(This is part 3 of a post I tried to break into a few pieces because it’s too big and interesting to write a novel about. There’s part 1 on revisiting my transmedia dissertation and part 2 on Netflix and independent content producers)
One bit of the Henry Jenkins spreadable media talk had some figures in it and I can’t resist some lovely stats and charts.
Apparently we consume about 26 weekly news stories shared by our friends and (on average) share 13 ourselves. That’s quite a lot if I think about my own facebook posts and the number of people I have following me (the ‘what happens when you make your posts public‘ thing). It makes me happy because it means that the people following me find my stuff interesting or in a worst case scenario they’re just obsessive-compulsive oversharers. I hope not.
So my mind wanders – not going by Dunbar number figures, I think the average person on Facebook has somewhere between 160-180 friends these days. It was true in 2010 when we launched a Facebook game app. If we post around 3 things per day, that means exposure to at least 480 items (‘going to the gym’ updates, pictures of cats, interesting links etc.) every single day in theory. The EdgeRank algorithm will filter that (weight, recency, affinity) into your ‘top news’ that everyone seems to hate just because it’s not recent news.
But anyway, it’s interesting when you think how much time is spent on Facebook daily and factor that in; a while ago the figure was something like 20-22 minutes per session on average. Which is nearly useless because some will probably spend 3 hours on it, some will always see it from mobile, some will only ever use chat and not the rest, some only consume what other people post instead of posting their own. Or variations on the same theme. Too much to know, though I’d love to know.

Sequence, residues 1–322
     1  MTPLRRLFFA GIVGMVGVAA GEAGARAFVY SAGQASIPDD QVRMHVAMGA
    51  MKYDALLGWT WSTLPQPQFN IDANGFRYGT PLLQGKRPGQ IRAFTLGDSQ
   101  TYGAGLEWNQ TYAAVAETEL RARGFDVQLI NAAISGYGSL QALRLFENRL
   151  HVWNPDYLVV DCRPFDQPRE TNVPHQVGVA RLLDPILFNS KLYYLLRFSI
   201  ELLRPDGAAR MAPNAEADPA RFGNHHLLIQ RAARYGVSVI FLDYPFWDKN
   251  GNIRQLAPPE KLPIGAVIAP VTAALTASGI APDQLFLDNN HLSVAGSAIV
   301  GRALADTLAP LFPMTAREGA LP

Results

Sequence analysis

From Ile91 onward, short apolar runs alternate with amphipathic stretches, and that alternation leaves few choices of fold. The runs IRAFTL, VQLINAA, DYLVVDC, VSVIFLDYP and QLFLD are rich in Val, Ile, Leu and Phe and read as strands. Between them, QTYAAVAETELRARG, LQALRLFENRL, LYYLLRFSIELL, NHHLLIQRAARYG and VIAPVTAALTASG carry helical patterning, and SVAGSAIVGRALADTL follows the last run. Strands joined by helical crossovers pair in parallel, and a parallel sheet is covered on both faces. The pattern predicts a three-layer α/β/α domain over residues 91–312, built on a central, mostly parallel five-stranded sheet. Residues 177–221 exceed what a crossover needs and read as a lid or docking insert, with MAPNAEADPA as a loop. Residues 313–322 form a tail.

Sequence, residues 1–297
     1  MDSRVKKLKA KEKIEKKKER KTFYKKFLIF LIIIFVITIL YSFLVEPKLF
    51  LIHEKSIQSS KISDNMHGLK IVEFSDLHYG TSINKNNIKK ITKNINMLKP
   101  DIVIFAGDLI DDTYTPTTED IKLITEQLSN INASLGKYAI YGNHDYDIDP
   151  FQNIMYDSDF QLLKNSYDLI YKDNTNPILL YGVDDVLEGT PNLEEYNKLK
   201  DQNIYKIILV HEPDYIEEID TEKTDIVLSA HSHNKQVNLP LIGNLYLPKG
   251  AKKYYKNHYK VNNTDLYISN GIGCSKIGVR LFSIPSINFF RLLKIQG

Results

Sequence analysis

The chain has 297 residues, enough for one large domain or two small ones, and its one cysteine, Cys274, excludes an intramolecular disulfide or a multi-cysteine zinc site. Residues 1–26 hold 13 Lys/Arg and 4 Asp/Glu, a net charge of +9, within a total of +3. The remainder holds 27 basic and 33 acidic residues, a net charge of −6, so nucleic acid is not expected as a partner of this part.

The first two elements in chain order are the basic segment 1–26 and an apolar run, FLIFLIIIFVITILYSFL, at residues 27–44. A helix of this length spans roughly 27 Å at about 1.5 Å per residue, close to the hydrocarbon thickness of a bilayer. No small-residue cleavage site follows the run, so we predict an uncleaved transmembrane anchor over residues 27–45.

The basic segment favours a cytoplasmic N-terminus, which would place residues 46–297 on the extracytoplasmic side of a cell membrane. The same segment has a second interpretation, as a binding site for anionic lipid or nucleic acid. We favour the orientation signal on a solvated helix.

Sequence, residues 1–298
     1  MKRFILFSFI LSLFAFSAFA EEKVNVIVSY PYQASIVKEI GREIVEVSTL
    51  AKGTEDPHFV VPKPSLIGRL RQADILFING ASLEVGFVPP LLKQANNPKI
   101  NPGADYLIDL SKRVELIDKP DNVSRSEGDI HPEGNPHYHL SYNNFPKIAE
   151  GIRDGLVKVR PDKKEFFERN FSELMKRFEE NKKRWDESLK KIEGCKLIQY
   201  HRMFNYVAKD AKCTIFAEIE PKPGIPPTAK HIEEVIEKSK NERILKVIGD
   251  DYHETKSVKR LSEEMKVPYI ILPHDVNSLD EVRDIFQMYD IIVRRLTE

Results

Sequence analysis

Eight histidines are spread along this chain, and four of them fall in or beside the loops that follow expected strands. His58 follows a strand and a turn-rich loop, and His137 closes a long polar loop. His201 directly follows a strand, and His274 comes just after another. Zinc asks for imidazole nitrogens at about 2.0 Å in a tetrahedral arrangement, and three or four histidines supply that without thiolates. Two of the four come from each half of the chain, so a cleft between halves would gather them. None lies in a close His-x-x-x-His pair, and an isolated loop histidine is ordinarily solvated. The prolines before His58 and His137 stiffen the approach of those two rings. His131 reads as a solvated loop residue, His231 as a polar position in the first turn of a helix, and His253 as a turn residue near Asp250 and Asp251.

If in a best case scenario I get 10% of my entire list to like something, I’d imagine the figures are pretty low when you ask the question of ‘who sees your posts’? If it’s true that only 12% of friends see your posts, then the highlighting does make sense. Silly as it may sound.
there are pieces of content you create that are interesting, and there’s some that are not.” And the 12 percent doesn’t just apply to users. Business Pages meanwhile only get 16% of their fans seeing each post, which is why Facebook is launching its new “Reach Generator” to help marketers buy extra distribution of their Page posts on the ads sidebar, in the web and mobile news feed, and even on the logout page.